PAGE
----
Change.org has since received over 57 000 signature-strong petitions for the CEO of US- Atlanta-based Delta Airlines, Richard Anderson, to join the list of airlines refusing to carry hunters’ exotic trophies.
“The export of lion ‘trophies’ hunters bringing home animals’ heads and bodies to stuff and mount has increased ten-fold,” said Green.
Delta accepts trophies
In a carefully-worded statement to traveller24, while avoiding answering a list of questions, Delta media officer Lindsay McDuff gave a standard-form statement which read, “Delta accepts hunting trophies in accordance with all US domestic and international regulations, which prohibits the possession of trophies or other items associated with protected species.
“Customers are required to produce detailed documentation of trophies to US Customs and Border Patrol officials as their trophies undergo inspection.”
Cach’s Mercer said Delta’s statement “hides behind dysfunctional conservation regulation in order to avoid their responsibility, and to avoid making themselves an accomplice to the degradation of African wildlife by an out-of-control hunting industry”.
With strict new ivory laws in certain states like New York and New Jersey, McDuff did not answer whether Delta had received any new or recent directives over the transport and import restrictions of hunting trophies to the US.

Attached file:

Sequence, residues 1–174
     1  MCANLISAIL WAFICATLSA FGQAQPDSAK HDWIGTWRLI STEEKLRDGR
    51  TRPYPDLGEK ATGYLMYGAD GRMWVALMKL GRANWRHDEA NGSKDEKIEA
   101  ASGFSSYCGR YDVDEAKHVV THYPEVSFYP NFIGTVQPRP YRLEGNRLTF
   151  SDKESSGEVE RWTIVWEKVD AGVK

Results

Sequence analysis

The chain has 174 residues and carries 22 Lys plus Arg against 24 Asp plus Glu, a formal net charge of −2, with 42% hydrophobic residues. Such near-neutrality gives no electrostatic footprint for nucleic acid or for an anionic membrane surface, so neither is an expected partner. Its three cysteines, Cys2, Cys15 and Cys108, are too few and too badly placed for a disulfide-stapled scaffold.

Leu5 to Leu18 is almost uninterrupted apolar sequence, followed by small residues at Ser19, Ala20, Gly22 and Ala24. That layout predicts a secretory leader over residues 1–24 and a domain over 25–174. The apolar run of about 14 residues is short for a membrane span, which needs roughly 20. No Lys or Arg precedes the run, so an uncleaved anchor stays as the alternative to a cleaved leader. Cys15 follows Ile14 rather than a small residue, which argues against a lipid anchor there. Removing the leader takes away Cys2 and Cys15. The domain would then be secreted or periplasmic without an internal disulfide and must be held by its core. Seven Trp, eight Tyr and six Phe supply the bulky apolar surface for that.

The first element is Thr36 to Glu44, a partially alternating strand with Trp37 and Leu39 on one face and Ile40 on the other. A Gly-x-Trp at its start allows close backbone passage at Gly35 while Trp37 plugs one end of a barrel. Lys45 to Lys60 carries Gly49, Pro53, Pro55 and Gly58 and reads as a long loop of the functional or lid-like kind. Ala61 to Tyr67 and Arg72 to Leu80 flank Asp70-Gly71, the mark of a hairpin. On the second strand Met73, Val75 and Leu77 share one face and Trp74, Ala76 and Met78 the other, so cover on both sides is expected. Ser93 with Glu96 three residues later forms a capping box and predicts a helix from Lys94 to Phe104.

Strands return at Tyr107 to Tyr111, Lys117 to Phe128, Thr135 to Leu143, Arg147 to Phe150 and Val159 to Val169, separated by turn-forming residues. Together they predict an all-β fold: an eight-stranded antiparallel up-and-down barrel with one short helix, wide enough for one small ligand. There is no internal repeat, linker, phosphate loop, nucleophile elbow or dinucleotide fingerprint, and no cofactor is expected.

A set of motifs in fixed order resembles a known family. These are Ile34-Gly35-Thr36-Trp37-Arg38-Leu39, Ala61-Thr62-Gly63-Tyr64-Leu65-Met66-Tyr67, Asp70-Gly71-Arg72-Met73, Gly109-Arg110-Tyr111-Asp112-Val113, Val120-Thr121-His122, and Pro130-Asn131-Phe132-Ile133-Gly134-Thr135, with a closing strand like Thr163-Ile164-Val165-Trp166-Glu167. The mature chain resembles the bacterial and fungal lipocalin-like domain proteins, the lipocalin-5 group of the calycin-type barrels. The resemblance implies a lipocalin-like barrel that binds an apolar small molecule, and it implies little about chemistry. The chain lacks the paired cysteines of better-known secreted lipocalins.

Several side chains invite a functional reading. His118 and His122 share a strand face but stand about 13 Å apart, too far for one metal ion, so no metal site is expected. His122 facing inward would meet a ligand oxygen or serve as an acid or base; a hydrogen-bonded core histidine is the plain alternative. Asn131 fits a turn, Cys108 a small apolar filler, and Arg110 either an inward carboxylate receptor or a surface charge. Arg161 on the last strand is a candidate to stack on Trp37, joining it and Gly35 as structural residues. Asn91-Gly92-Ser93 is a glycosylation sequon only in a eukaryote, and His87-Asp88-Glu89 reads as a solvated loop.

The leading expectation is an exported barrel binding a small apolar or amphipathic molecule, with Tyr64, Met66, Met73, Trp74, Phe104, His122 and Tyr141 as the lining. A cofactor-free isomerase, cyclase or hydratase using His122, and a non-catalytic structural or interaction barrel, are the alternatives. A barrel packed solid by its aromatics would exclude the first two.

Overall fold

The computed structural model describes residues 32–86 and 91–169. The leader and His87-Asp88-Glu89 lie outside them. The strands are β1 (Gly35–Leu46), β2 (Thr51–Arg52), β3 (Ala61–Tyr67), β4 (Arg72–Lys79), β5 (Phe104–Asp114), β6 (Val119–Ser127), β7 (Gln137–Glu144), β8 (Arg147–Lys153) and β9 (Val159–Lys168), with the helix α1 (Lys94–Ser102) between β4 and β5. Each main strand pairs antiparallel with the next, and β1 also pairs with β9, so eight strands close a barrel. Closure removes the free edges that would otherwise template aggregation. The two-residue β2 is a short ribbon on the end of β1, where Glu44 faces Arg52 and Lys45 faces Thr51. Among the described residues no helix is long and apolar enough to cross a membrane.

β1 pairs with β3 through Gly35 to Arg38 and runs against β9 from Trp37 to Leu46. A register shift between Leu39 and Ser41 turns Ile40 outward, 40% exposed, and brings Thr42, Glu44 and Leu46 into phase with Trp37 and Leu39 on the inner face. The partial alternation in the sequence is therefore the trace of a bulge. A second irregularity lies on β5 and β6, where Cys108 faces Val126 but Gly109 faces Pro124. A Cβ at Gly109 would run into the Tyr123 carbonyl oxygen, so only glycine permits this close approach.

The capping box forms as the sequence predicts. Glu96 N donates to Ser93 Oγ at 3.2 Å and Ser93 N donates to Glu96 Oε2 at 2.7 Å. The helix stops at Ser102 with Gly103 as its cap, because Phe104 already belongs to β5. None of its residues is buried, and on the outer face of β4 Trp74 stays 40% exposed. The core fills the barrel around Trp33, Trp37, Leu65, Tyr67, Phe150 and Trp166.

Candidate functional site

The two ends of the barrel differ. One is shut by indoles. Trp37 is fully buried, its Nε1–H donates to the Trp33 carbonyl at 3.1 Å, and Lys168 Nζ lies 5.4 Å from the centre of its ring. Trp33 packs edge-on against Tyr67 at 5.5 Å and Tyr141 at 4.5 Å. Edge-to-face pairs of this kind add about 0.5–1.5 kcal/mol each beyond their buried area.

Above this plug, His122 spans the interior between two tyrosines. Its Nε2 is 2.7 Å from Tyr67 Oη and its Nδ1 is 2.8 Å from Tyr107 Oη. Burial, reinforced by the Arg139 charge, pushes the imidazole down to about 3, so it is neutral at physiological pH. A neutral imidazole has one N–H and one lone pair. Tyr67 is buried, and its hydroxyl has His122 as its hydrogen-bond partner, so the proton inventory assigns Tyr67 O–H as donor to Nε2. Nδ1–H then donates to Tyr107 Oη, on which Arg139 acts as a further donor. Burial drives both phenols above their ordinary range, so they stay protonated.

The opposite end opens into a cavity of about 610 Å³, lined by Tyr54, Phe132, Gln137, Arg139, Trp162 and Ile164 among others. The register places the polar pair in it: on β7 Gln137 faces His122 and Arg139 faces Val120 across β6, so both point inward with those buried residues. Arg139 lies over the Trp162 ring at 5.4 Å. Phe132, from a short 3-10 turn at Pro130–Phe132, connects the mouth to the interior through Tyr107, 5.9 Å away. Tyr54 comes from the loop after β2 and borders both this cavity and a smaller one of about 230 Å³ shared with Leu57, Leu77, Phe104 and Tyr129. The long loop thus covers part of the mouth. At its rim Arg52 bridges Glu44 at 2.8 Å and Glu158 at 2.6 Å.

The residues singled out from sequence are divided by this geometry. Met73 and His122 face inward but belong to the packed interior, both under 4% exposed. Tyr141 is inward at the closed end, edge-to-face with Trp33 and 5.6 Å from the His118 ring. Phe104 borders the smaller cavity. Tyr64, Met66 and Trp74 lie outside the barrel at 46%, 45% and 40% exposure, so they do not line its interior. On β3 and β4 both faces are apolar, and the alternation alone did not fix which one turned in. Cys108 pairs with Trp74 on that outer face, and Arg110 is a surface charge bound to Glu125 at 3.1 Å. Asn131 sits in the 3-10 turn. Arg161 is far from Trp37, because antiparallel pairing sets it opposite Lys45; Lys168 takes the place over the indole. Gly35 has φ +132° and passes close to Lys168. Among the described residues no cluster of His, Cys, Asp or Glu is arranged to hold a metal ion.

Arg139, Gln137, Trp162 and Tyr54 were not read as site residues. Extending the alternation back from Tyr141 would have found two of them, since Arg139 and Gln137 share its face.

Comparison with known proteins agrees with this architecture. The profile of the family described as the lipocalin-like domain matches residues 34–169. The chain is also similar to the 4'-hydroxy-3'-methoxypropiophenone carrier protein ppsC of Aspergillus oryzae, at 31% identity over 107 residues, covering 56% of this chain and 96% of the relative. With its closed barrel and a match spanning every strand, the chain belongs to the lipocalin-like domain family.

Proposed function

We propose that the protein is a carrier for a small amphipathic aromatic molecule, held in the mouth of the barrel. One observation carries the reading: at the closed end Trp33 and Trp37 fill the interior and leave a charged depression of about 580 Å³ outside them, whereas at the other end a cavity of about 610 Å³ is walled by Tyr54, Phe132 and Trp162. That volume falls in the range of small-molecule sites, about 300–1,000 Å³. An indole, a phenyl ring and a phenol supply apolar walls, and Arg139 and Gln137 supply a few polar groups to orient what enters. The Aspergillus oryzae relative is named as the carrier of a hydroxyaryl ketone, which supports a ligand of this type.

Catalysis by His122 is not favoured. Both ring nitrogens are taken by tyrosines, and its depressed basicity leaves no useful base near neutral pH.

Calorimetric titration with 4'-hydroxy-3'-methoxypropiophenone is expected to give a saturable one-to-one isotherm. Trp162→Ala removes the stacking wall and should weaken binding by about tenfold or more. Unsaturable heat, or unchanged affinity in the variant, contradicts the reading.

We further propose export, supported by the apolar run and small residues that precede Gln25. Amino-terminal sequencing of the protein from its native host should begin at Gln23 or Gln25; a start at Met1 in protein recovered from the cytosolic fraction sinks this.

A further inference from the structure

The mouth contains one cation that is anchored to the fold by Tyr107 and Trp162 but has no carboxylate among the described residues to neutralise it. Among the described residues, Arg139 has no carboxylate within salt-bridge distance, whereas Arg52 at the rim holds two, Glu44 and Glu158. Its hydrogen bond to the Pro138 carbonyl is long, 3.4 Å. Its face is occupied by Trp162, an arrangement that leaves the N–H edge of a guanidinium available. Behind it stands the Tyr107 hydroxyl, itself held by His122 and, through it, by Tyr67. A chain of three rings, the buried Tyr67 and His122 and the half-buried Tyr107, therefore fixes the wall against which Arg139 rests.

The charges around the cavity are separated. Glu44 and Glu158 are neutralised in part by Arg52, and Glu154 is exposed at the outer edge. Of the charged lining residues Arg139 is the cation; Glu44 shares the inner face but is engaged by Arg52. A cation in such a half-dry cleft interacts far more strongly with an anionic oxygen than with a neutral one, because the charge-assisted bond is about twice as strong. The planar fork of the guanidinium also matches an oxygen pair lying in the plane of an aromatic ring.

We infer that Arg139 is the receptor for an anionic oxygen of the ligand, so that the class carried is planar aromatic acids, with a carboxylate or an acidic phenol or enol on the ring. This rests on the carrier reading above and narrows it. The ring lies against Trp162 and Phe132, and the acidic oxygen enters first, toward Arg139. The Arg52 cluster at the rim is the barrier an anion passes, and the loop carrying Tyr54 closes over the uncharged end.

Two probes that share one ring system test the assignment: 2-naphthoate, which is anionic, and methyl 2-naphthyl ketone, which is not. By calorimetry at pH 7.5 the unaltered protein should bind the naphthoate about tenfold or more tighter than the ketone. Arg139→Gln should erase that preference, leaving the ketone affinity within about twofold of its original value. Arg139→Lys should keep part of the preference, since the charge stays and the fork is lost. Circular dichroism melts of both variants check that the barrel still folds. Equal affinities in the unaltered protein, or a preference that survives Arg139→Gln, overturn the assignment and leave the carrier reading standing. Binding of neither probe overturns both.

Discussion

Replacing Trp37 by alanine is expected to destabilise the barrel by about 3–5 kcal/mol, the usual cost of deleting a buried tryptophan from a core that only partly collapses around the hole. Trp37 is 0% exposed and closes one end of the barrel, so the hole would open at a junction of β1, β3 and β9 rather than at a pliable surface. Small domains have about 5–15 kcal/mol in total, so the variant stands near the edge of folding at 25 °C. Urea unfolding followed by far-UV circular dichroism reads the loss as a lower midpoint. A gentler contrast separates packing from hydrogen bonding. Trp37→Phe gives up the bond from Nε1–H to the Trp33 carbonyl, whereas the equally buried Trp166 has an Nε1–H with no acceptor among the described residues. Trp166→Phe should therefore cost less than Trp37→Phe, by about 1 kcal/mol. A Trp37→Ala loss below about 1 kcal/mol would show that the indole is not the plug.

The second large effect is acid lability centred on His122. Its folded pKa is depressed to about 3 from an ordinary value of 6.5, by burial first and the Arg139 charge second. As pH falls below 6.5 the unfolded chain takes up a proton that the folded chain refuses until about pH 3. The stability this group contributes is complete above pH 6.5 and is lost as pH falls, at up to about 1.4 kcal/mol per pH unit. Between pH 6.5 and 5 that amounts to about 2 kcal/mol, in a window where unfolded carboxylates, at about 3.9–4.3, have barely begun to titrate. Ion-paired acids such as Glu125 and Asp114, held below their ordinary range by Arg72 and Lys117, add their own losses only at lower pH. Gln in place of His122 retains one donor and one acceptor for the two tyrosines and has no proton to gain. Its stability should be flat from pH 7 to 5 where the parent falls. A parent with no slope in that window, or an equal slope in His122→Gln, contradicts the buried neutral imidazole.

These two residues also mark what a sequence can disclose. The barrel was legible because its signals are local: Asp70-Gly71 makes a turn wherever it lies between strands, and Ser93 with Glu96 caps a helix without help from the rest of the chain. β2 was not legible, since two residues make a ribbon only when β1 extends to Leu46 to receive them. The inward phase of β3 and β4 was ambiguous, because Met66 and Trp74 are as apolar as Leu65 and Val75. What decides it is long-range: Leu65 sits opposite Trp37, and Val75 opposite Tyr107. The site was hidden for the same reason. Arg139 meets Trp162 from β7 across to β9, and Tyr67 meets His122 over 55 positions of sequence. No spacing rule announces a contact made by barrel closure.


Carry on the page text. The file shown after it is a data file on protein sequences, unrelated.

“As one of the world’s largest airlines and the only US carrier with direct service to South Africa, Delta Air Lines is in a key position to help protect these and other vulnerable wild animal populations from further hunting and poaching pressures,” Green said.
“By refusing to play a role in the wildlife trafficking supply chain, Delta Airlines can demonstrate the strong and ethical leadership that has made it such a successful and respected company.
“More importantly, Delta will be helping preserve a valuable natural resource that provides one of the primary reasons customers choose to fly Delta to visit Africa and other wilderness destinations.
“As a loyal, ‘Diamond Medallion’ Delta customer who has logged over 650 000 miles with the company, I can attest that eco-tourism now accounts for a full 12 percent of GDP in some African countries.
“As the chair of the American Bar Association’s animal law committee, I also am acutely aware how over-hunting has devastated threatened and endangered species.
“It is a tragic circumstance driven almost exclusively by the US$20 billion illicit trade in imperilled animal body parts,” said Green.
However, with a strong American hunting lobby, it does not appear Delta will cave in to threats of a boycott.
Recent seizures of ivory, rhino horns, lion and tiger body parts, illustrate how unscrupulous organised-crime syndicates using fake permits, false declarations, mis-labelled consignments and other nefarious methods including passenger couriers, have successfully by-passed security procedures through corrupt activities. — Traveller24.